ArfGAP1 dynamics and its role in COPI coat assembly on Golgi membranes of living cells

Wei Liu, Rainer Duden, Robert D. Phair, Jennifer Lippincott-Schwartz*

*Corresponding author for this work
63 Citations (Scopus)


Secretory protein trafficking relies on the COPI coat, which by assembling into a lattice on Golgi membranes concentrates cargo at specific sites and deforms the membranes at these sites into coated buds and carriers. The GTPase-activating protein (GAP) responsible for catalyzing Arf1 GTP hydrolysis is an important part of this system, but the mechanism whereby ArfGAP is recruited to the coat, its stability within the coat, and its role in maintenance of the coat are unclear. Here, we use FRAP to monitor the membrane turnover of GFP-tagged versions of ArfGAP1, Arf1, and coatomer in living cells. ArfGAP1 underwent fast cytosol/Golgi exchange with ∼40% of the exchange dependent on engagement of ArfGAP1 with coatomer and Arf1, and affected by secretory cargo load. Permanent activation of ArF1 resulted in ArfGAP1 being trapped on the Golgi in a coatomer-dependent manner. These data suggest that ArfGAP1, coatomer and Arf1 play interdependent roles in the assembly-disassembly cycle of the COPI coat in vivo.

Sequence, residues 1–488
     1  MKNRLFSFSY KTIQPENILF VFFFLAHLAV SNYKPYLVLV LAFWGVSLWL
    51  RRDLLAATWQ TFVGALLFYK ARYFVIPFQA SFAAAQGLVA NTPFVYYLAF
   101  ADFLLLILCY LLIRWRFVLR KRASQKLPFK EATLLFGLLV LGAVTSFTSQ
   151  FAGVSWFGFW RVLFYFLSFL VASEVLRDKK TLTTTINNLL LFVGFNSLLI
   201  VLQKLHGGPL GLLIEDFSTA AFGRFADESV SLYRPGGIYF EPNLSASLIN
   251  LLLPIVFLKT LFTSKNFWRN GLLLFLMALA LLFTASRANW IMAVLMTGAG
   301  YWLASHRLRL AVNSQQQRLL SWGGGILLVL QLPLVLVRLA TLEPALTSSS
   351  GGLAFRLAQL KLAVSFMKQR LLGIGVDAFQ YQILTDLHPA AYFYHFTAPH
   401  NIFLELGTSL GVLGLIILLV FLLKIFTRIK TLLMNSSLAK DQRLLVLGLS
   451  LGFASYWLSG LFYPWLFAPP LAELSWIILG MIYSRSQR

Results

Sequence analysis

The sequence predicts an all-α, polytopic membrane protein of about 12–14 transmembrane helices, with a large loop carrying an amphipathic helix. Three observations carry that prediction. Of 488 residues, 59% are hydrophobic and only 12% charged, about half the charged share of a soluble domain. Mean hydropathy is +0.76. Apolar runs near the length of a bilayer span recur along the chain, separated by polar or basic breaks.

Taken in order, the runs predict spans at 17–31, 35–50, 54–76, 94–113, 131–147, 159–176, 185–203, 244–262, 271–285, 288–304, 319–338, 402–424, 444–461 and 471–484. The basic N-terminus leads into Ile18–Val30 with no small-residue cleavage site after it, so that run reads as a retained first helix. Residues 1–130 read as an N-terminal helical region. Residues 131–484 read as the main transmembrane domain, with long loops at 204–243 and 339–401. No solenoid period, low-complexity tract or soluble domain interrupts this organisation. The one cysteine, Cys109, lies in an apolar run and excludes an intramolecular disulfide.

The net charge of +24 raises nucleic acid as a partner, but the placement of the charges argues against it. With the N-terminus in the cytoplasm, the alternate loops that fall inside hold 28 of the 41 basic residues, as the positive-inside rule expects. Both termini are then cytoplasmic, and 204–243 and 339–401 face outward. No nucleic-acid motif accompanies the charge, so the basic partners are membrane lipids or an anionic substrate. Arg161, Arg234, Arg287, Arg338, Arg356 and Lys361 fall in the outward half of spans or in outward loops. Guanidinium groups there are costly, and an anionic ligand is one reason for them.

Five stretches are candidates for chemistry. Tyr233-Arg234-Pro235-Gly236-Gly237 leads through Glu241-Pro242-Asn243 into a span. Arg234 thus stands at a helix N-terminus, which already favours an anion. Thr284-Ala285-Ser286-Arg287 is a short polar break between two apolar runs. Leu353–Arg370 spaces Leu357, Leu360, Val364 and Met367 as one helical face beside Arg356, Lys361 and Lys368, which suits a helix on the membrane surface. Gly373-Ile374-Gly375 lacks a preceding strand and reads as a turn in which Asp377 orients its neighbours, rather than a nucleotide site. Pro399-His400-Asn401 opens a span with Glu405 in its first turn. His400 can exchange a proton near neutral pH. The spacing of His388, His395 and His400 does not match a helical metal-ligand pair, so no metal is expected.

Original languageEnglish
JournalJournal of Cell Biology
Issue number7
Pages (from-to)1053-1063
Number of pages11
Publication statusPublished - 28.03.2005

Research Areas and Centers

  • Academic Focus: Center for Infection and Inflammation Research (ZIEL)


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